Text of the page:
January 24, 2014

Free to Love: Week Three

Next Previous
It may be cold in Philadelphia but there are plenty of hot times on offer during week three of Free to Love: The Cinema of the Sexual Revolution. Six films will be shown through Saturday, most of which give a look at 1960s/70s sexuality in the US of A, but we start our list with a foreign import. 

A true rarity and far-flung gem, The Set (Thursday, January 23 at 7PM) is a 1970 feature from Australia, the first film with homosexual themes from Down Under. Based the book by Roger Ward (who appeared in Oz cult classics Mad Max, Stone and Mad Dog Morgan), the film takes a look at young Paul who falls out with his art school crowd and in with 'the set,' the Sydney high society crowd. The Set has never been released on home video and the 35mm cult classic was provided courtesy of the National Film and Sound Archive of Australia. Don't miss the groovy lounge/jazz soundtrack by maestro Sven Libaek, which has been lovingly reissued by Trunk Records

One of the highlights of Free to Love will be welcoming filmmaker Radley Metzger to International House for a screening of his 1972 film Score (Friday, January 24 at 7PM). Metzger is an internationally-renown filmmaker whose films (among them Camille 2000, Barbara Broadcast and The Opening of Misty Beethoven) are among the most notorious sexploitation films of the era. But Metzger's films are steeped in an arthouse tradition that derives from his love of Welles, Powell, Bergman and Truffaut, informing his films with a class and artistry that is rare among genre films and filmmakers. Score is a particularly resonant film to show in Free to Love, as it explores the swinging subculture of the free love era. Gary M. Kramer interviewed Metzger for Cinedelphia in advance of the screening. Elena Gorfinkel, Assistant Professor at UW Milwaukee and sexploitation film expert, will introduce Score and moderate the Q&A with Metzger. 

Another marathon Saturday of Free to Love screenings begins with Jim McBride's rarely-screened Hot Times (aka My Erotic Fantasties, Saturday, January 25 at 5PM). McBride is well-known for his first feature David Holzman's Diary, a landmark of American underground film and the docufiction genre that was inducted into the National Film Registry in 1991. He has also directed the 1983 American remake of Jean-Luc Godard's Breathless and done much work in television. But Hot Times (also also known as A Hard Day for Archie) is a couple notches seedier than the aforementioned films. A teen sex comedy, the film follows Archie Anders, a self-proclaimed “all-American guy who just wants to get laid,” on his restless wanderings and missteps through high school and the streets of Manhattan on New Year's Eve. Jonathan Rosenbaum describes the film as: "an almost Faustian effort to achieve the impossible — to ridicule the basic precepts of the sex movie out of existence, having and conveying as much fun as possible in the process."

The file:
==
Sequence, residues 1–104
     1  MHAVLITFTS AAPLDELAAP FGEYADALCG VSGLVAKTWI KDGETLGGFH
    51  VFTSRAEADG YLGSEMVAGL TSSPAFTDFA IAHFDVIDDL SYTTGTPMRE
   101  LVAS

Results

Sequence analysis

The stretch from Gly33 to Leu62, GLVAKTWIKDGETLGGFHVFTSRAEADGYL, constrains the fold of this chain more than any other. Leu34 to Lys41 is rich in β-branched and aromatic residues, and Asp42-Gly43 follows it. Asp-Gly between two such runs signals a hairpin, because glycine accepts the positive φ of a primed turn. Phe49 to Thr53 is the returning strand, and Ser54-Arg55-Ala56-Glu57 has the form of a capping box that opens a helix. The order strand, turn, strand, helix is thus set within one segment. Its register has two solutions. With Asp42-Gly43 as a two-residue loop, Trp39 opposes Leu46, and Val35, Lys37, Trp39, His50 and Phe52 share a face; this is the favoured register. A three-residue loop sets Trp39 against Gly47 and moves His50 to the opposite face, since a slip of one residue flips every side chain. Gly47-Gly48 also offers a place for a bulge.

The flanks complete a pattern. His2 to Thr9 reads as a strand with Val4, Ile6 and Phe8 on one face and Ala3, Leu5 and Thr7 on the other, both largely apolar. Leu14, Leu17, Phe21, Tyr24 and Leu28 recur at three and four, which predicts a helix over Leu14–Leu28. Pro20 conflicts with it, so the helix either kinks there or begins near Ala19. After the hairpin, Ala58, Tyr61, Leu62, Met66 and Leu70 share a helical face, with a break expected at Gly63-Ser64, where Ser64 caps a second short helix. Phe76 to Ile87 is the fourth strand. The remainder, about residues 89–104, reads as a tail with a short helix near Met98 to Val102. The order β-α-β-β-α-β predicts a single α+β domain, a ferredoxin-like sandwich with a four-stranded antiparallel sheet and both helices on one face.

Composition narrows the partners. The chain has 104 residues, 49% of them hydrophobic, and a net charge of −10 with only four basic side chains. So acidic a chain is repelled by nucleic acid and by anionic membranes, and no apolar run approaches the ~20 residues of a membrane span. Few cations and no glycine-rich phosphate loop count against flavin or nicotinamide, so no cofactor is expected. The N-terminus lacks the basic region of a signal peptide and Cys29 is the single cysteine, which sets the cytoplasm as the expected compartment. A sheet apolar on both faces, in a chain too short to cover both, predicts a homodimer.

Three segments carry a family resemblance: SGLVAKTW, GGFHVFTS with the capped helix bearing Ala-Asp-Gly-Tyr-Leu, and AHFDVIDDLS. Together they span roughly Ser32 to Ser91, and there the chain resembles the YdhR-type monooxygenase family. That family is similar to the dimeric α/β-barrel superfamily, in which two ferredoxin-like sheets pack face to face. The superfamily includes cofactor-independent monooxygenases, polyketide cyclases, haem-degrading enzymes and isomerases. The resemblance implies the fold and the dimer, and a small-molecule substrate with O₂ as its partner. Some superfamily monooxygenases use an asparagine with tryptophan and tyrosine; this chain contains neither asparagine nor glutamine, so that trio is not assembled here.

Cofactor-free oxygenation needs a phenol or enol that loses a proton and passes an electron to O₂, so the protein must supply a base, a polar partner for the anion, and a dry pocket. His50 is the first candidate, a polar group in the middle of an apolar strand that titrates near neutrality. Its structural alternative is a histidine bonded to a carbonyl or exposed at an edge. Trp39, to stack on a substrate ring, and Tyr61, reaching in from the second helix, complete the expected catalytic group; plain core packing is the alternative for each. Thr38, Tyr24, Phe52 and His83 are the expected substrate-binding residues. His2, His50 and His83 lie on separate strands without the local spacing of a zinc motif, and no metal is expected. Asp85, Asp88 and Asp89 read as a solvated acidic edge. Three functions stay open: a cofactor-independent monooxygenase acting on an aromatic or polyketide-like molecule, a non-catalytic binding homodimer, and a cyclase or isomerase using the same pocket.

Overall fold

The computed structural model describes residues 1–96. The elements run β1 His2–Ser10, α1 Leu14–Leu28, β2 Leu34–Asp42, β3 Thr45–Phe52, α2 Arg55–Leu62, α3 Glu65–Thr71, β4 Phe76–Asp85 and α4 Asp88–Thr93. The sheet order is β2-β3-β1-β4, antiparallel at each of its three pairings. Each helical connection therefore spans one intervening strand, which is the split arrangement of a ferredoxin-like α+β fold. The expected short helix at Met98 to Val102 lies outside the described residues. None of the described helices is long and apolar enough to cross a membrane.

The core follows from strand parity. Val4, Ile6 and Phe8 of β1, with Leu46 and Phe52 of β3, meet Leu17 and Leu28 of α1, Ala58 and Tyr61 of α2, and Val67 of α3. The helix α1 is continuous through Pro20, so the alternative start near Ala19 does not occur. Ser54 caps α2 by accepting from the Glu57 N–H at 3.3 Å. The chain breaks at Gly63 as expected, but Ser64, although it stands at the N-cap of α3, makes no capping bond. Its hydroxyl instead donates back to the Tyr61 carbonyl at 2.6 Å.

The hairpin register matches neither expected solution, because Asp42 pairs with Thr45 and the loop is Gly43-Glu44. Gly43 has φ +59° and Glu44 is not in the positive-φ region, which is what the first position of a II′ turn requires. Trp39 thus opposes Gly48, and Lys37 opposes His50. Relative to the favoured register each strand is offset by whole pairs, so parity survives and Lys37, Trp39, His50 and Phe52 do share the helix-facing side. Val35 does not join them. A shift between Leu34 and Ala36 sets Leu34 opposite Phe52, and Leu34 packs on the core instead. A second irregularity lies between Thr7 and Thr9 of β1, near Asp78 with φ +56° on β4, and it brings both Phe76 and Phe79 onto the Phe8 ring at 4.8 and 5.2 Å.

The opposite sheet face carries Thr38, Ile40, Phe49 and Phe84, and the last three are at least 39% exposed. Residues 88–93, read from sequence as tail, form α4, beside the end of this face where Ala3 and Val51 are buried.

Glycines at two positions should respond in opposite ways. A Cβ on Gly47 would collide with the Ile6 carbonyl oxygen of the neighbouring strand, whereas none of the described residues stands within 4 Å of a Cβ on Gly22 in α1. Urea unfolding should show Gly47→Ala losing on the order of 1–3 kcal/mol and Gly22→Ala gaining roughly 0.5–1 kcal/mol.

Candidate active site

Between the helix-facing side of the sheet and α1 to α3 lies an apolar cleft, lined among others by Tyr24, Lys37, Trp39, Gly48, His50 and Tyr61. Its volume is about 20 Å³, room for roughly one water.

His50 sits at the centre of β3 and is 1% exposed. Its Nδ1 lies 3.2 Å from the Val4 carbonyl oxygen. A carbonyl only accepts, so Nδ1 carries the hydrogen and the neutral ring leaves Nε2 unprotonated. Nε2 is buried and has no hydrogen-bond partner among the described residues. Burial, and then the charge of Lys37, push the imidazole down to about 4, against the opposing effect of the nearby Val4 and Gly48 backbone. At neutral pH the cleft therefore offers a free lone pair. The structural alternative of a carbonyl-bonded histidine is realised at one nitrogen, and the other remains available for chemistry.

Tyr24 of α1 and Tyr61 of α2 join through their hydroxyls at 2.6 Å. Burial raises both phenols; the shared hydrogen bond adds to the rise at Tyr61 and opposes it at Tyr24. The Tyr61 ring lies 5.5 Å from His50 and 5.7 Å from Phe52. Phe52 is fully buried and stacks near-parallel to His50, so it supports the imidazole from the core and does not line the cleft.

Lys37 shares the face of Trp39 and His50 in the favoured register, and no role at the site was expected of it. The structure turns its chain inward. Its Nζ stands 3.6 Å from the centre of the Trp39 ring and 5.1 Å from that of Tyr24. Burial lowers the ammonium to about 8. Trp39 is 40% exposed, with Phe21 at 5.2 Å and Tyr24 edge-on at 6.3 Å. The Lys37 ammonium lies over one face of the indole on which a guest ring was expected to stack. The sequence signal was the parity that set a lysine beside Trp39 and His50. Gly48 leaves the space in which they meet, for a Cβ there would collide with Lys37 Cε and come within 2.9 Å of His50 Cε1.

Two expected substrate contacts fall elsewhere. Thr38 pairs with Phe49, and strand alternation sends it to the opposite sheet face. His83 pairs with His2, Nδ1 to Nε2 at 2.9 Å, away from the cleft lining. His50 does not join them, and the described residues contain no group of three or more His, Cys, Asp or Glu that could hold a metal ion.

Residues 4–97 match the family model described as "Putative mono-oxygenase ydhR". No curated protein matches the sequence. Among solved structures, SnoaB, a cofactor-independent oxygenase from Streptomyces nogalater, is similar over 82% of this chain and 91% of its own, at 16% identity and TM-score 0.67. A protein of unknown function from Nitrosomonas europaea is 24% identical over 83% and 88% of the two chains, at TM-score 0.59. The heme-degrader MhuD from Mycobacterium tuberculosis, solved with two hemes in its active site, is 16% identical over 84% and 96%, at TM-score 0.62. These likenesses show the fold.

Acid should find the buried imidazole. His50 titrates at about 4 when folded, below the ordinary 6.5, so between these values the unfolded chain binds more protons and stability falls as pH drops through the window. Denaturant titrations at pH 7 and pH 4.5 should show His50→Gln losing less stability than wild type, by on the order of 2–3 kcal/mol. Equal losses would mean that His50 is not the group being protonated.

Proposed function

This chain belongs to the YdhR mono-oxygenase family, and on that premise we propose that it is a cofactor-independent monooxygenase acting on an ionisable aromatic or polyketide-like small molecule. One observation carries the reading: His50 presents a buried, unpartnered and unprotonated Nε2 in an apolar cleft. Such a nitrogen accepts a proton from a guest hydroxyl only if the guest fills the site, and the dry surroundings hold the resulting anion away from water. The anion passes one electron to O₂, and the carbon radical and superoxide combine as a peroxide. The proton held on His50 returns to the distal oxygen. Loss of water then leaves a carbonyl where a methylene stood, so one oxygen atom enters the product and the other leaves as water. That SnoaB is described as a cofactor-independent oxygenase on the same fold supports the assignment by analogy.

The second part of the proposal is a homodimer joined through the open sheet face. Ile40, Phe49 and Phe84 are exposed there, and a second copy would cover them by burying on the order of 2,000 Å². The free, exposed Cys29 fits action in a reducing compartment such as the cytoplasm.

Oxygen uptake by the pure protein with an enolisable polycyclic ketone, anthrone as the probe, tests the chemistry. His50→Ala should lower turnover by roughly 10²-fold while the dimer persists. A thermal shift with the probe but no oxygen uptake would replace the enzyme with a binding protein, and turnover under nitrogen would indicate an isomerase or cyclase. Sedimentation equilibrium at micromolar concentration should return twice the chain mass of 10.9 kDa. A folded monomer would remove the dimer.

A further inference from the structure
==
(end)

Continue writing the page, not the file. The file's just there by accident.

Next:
No stranger to sex in film, we salute Andy Warhol with a screening of his 1967 drama I, A Man (Saturday, January 25 at 7PM). A reference to Mac Ahlberg's 1965 erotic drama I, A Woman, Warhol's film follows earlier features like My Hustler and Chelsea Girls which introduced narrative elements to his screen test/actuality-style filmmaking. We see Tom Baker (a drinking buddy of Jim Morrisson, originally slated in the starring role) visiting with six different women in one day throughout New York City. Baker visits Nico, Ultra Violet and even Valerie Solanas, who would later write the SCUM Manifesto and shoot Warhol the following year. The feature will be preceded by Warhol's 1964 short Mario Banana (No. 2) featuring transvestite actor Mario Montez who also appeared in underground films like Flaming Creatures and Chumlum. 

One of the themes Free to Love hopes to focus on is the interplay between ideas in both underground and Hollywood films during the sexual revolution. Bob & Carol & Ted & Alice (Saturday, January 25 at 9PM), a star-studded film from Columbia Pictures, explored topics that were introduced by counterculture films, in the process gaining four Academy Award nominations and a huge gross at the box office. If the underground was where the conversation about the sexual revolution started, it was films like B&C&T&A, Barbarella and Last Tango in Paris that spread the news far and wide. 

Next week: sex education films made by radical clergymen from San Francisco, Jane Fonda in space and the naive pre-hardcore gay cinema of Pat Rocco. You have no more excuses not to check out Free to Love: The Cinema of the Sexual Revolution!